Periodic Reporting for period 1 - proEVLifeCycle (The life cycle of extracellular vesicles in prostate cancer: from biogenesis and homing, to functional relevance)
Reporting period: 2019-10-01 to 2021-09-30
In the past decade, it has become evident that cancer cells communicate with their environment via very small vesicles (~100 nm; 1000 times thinner than human hair), named extracellular vesicles (EVs). The cancer cells themselves and the normal cells within and surrounding the tumor secrete these EVs and likely create an environment which is optimal for the cancer to survive and grow. The lifecycle of EVs is poorly understood and their potential as non-invasive biomarkers and therapy target/agents, a growing area of interest.
PCa is a major global healthcare problem, and equally so within Europe where we see approximately 365,000 new cases and 78,000 deaths each year. Our proEVLifeCycle research will address the high need for novel biomarkers and therapy targets for PCa. Any relief in the burden of this disease will have major impact on the huge socio-economic problems for patients, families, caregivers and society.
The ambitious scientific objectives are to unravel the mysteries of EV biogenesis, homing and uptake to explain how vesicles operate in disease processes; their heterogeneity, their molecular complexity, the biological functions they drive, their local and systemic dissemination and how these may be manipulated. Using state-of-the-art, network-wide shared model systems, imaging, profiling tools and systems biology, the program will enlighten the lifecycle of EVs and identify novel EV biomarkers and PCa therapy targets to address the unmet clinical needs.
Our network of 8 academic and 2 company beneficiaries and 9 partners, provides optimal scientific training, cross-sectoral awareness, entrepreneurship skills, communication in the modern age, extensive opportunities for mobility and patient-facing experiences. We will address the EU-skills gaps by providing well-rounded and inventive experts primed for influential careers, contributing to patient well-being and economic prosperity within the EU.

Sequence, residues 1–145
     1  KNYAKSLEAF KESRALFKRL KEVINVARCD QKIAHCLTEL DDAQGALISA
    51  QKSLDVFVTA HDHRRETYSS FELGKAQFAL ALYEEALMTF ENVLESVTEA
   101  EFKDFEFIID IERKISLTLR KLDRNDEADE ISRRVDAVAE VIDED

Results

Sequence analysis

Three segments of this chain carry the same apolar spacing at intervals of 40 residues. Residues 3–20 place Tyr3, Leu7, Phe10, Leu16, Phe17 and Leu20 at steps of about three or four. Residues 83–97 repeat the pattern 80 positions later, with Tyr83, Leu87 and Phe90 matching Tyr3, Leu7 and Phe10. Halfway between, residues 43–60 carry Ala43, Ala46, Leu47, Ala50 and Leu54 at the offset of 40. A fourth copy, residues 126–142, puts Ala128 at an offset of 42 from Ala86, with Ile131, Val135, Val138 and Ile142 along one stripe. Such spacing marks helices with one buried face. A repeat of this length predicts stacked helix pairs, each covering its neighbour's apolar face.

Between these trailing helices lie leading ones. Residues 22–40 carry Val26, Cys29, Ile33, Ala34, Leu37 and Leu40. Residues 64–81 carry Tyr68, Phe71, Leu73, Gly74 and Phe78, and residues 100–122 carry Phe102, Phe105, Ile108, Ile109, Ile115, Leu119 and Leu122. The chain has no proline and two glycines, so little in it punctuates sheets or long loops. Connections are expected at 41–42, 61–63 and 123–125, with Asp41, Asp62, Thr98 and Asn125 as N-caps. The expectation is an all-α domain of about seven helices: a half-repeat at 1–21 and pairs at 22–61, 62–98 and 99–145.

To unravel how EVs are made by cancer cells and how they find their way to other cells in the tumor and other parts of the body, various model systems have been created including (i) PCa cells growing outside the tumor, (ii) drug screening systems to find inhibitors of EV biogenesis and uptake, (iii) a synthetic EV delivery system to carry chemo to the tumor, and (iv) zebrafish and mouse models to track how EVs travel through an organism. The PCa cells growing outside the tumor are being used to find out which proteins in the cancer cells are involved in making EVs and how EVs can travel through a layer of tightly packed cells that form a barrier. The first results already indicated which proteins play a role in EV biogenesis and which cells in zebrafish and mice take up cancer-derived EVs.
With respect to utilizing EVs from urine, blood and saliva as PCa biomarkers, the molecular characterisation of EV (sub)populations is focussing on the content of EVs, which includes genetic material (RNA), proteins, and small molecules. The first candidate RNA and protein PCa markers have been discovered.
An additional important aspect is to understand the process of EV uptake by normal cells in the tumor and other parts of the body and the functional effects on these cells. A drug screening for compounds that inhibit EV uptake resulted in novel drug candidates to manipulate this process. The role of PCa EVs in changing the function of normal cells has also identified the first clues how this would benefit the tumor cells to grow better and migrate to other organs to form metastases. This important information is the start for therapy interventions including the use of EVs as drug-carriers to bring chemo specifically to the tumor.
Novel EV technologies and computational biology form the basis of our new discoveries. Besides the novel model systems listed above, new technologies are being developed and implemented to measure the number of EVs and how they are different when secreted by cancer or normal cells. Such new technologies are already being designed into new tests to diagnose PCa from a single drop of urine. The computational biology analyses result in the integration of all our data to make the discovery of novel biomarkers and therapy targets possible.
If successful, the socio-economic impact will be huge as novel PCa biomarker tests and therapeutic treatment options can benefit hundreds of thousands of men diagnosed and troubled with this disease. The impact extends beyond the men affected and concerns their partners, families, caregivers and the medical health system.